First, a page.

Figure in shows the forces. The cycle is bent at an angle θ with the vertical. The forces are
(i) weight Mg,
(ii) normal force N
(iii) friction f
(iv) Centrifugal force
In the frame considered, the system is at rest. Thus, the total external force and the total external torque must be zero. Let us consider the torques of all the forces about the point A. The torques of N and f about A are zero because these forces pass through A. The torque of Mg about A is Mg(AD) in the clockwise direction and that of Mv2/r is Mv2/r (CD) in the anticlockwise direction. For rotational equilibrium,
Mg(AD) = Mv2/r (CD)
Thus, the cyclist bends at an anglewith the vertical.
When a body is rotating in a circular path and the centripetal force vanishes, the body would leave the circular path. To an observer A who is not sharing the motion along the circular path, the body appears to fly off tangentially at the point of release. To another observer B, who is sharing the motion along the circular path (i.e., the observer B is also rotating with the body which is released, it appears to B, as if it has been thrown off along the radius away from the centre by some force. This inertial force is called centrifugal force.)
Its magnitude is equal to that of the centripetal force = mv2/r . Centrifugal force is a fictitious force which has to be applied as a concept only in a rotating frame of reference to apply Newton's law of motion in that frame)
FBD of ball w.r.t non-inertial frame rotating with the ball.
Suppose we are working from a frame of reference that is rotating at a constant, angular velocity ω with respect to an inertial frame. If we analyse the dynamics of a particle of mass m kept at a distance r from the axis of rotation, we have to assume that a force mrω2 act radially outward on the particle. Only then we can apply Newton's laws of motion in the rotating frame. This radially outward pseudo force is called the centrifugal force.
A simple pendulum is constructed by attaching a bob of mass m to a string of length L fixed at its upper end. The bob oscillates in a vertical circle. It is found that the speed of the bob is v when the string makes an angle θ with the vertical.
The force acting on the bob are (figure)
(i) Tension T
(ii) Weight mg
As the bob moves in a vertical circle with centre at O, the radial acceleration is v2/L towards O. Taking the components along this radius and applying Newton's second law, we get
A ball of mass m attached to a light and inextensible string rotates in a horizontal circle of radius r with an angular speed w about the vertical. If we draw the force diagram of the ball.
We can easily see that the component of tension force along the centre gives the centripetal force and component of tension along vertical balances the gravitation force. Such a system is called a conical pendulum.
Suppose a particle of mass m is attached to an inextensible light string of length R. The particle is moving in a vertical circle of radius R about a fixed point O. It is imparted a velocity u in horizontal direction at lowest point A. Let v be its velocity at point B of the circle as shown.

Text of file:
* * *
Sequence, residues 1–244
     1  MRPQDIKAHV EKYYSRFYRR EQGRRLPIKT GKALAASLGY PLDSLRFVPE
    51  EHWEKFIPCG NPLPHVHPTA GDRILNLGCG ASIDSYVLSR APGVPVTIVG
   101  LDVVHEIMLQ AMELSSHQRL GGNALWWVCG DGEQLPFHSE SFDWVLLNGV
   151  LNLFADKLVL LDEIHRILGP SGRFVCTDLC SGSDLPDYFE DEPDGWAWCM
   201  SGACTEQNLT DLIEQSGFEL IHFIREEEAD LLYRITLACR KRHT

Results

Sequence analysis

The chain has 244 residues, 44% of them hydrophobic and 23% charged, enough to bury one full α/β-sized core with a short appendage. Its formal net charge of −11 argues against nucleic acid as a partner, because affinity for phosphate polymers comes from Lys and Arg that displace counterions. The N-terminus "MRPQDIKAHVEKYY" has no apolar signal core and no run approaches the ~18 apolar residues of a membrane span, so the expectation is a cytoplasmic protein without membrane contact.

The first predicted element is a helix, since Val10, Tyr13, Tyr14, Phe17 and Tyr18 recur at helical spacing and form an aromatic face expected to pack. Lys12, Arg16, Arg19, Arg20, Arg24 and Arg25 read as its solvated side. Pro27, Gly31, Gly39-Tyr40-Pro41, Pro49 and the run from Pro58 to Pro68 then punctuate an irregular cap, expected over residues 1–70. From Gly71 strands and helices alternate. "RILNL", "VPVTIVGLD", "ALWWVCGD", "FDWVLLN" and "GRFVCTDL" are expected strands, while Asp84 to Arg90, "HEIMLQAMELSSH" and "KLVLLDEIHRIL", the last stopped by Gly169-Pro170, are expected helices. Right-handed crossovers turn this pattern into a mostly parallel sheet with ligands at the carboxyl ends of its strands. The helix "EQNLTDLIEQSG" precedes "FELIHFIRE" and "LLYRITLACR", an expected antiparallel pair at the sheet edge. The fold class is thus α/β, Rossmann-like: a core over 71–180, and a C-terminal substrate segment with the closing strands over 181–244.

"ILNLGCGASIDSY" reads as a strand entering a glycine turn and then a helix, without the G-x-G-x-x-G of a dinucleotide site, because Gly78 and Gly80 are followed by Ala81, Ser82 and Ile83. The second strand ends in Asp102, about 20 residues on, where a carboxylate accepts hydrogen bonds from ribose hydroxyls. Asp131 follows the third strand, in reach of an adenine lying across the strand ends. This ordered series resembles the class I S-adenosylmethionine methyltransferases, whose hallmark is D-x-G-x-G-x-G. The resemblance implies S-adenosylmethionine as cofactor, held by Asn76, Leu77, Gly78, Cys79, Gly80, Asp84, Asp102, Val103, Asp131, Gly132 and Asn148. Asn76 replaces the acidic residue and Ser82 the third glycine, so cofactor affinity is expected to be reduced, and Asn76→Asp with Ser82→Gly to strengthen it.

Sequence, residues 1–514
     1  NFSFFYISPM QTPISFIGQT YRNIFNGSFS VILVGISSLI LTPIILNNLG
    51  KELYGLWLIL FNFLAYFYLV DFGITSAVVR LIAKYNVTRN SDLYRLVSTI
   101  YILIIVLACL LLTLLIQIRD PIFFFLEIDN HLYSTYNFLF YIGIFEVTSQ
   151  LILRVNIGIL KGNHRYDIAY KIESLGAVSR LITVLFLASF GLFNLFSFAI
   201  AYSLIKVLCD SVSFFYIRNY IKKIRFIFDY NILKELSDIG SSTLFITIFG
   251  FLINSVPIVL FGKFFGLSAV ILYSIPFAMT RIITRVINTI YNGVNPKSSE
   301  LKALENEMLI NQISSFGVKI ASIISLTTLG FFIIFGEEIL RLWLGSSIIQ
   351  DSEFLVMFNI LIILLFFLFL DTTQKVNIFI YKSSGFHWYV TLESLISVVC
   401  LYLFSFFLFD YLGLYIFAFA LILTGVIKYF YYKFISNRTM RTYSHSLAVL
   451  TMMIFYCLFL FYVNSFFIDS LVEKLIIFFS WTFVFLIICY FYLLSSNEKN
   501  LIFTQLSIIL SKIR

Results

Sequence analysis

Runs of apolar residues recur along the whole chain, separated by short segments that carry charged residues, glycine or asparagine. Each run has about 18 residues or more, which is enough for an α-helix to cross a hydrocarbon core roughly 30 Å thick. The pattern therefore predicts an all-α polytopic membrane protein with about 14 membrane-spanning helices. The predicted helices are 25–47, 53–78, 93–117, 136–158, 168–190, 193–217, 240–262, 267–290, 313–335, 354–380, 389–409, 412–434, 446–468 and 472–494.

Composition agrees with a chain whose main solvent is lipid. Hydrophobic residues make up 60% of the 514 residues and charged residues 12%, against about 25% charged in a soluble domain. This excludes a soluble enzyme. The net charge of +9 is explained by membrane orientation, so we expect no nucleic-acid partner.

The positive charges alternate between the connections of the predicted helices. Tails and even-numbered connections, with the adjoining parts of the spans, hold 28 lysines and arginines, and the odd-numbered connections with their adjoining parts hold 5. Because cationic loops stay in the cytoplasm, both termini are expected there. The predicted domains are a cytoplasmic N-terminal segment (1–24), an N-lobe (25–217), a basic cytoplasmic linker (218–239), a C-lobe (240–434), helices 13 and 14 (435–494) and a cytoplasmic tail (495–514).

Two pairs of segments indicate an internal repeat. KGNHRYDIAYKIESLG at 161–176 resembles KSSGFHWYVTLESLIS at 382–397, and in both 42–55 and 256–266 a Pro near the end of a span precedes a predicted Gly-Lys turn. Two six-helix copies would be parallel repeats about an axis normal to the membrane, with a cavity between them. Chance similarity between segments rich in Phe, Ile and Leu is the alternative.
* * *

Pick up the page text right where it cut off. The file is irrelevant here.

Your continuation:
h = R(1 - cosθ) ......(i)
From conservation of mechanical energy
1/2 m(u2- v2) = mgh
or v2 = u2 - 2gh .....(ii)
The necessary centripetal force is provided by the resultant of tension T and mg cosθ
Now, following three conditions arise depending on the value of u.
➢ Condition of Looping the Loop (u ≥ √5gR)
The particle will complete the circle if the string does not slack even at the highest point (θ = π). Thus, tension in the string should be greater than or equal to zero (T ≥ 0) at θ = π. In critical case substituting T = 0 and θ = π in above equation, we get
(at highest point)
Substituting θ = π in Eq.(i), h=2R
Therefore, we have
Thus, if u ≥ √5gR , the particle will complete the circle. At u = √5gR, velocity at highest point is v = √gR and tension in the string is zero.
Substituting θ = 0° and u = √5gR in Eq. (iii), we get T = 6mg or in the critical condition tension in the string at lowest position is 6mg. This is shown in Figure.
If u < √5gR , following two cases are possible.
➢ Condition of Leaving the Circle (√2gR < u < √5gR)
If u < √5gR the tension in the string will become zero before reaching the highest point. From Eq. (iii), tension in the string becomes zero (T=0)
Substituting this value of cos θ in Eq. (i), we get
or we can say that at height h1 tension in the string becomes zero. Further, if u < √5gR , velocity of the particle becomes zero when
i.e. at height h2 velocity of particle becomes zero.
Now, the particle will leave the circle if tension in the string becomes zero but velocity is not zero or T = 0 but v ≠ 0. This is possible only when
Therefore, if √2gR < u < √5gR the particle leaves the circle.
From Eq. (iv), we can see that h R > if u2 > 2gR . Thus, the particle will leave the circle when h >R or 90 < θ <180 ° . This situation is shown in the Fig.
Note: After leaving the circle, the particle will follow a parabolic path as the particle
comes under gravity.
➢ Condition of Oscillation (0 < u < √2gR)
The particle will oscillate, if velocity of the particle becomes zero but tension in the string is not zero. or v = 0, but T ≠ 0. This is possible when
Moreover, if h1=h2, u = √2gR and tension and velocity both becomes zero simultaneously.
Further, from Eq. (iv), we can see that h ≤ R if u ≤ √2gR Thus, for 0< u ≤ √2gR
particle oscillates in lower half of the circle (0°<θ ≤ 90°).
This situation is shown in the figure.
Note: The above three conditions have been derived for a particle moving in a vertical circle attached to a string.The same conditions apply, if a particle moves inside a smooth spherical shell of radius R. The only difference is that the tension is replaced by the normal reaction N.